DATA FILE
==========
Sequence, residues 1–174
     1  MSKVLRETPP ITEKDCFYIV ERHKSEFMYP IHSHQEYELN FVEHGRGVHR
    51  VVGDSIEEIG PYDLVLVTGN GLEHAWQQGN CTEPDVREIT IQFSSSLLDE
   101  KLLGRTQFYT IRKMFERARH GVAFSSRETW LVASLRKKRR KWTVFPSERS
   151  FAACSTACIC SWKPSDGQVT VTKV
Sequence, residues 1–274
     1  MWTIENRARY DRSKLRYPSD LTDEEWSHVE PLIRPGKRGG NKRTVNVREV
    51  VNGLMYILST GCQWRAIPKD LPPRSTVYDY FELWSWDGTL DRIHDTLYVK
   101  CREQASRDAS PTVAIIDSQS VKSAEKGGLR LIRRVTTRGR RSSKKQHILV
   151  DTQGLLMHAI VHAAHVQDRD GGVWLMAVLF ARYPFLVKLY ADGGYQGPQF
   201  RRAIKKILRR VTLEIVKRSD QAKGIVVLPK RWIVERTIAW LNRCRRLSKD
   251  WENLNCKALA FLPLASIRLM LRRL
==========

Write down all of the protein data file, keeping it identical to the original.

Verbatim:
Sequence, residues 1–174
     1  MSKVLRETPP ITEKDCFYIV ERHKSEFMYP IHSHQEYELN FVEHGRGVHR
    51  VVGDSIEEIG PYDLVLVTGN GLEHAWQQGN CTEPDVREIT IQFSSSLLDE
   101  KLLGRTQFYT IRKMFERARH GVAFSSRETW LVASLRKKRR KWTVFPSERS
   151  FAACSTACIC SWKPSDGQVT VTKV
Sequence, residues 1–274
     1  MWTIENRARY DRSKLRYPSD LTDEEWSHVE PLIRPGKRGG NKRTVNVREV
    51  VNGLMYILST GCQWRAIPKD LPPRSTVYDY FELWSWDGTL DRIHDTLYVK
   101  CREQASRDAS PTVAIIDSQS VKSAEKGGLR LIRRVTTRGR RSSKKQHILV
   151  DTQGLLMHAI VHAAHVQDRD GGVWLMAVLF ARYPFLVKLY ADGGYQGPQF
   201  RRAIKKILRR VTLEIVKRSD QAKGIVVLPK RWIVERTIAW LNRCRRLSKD
   251  WENLNCKALA FLPLASIRLM LRRL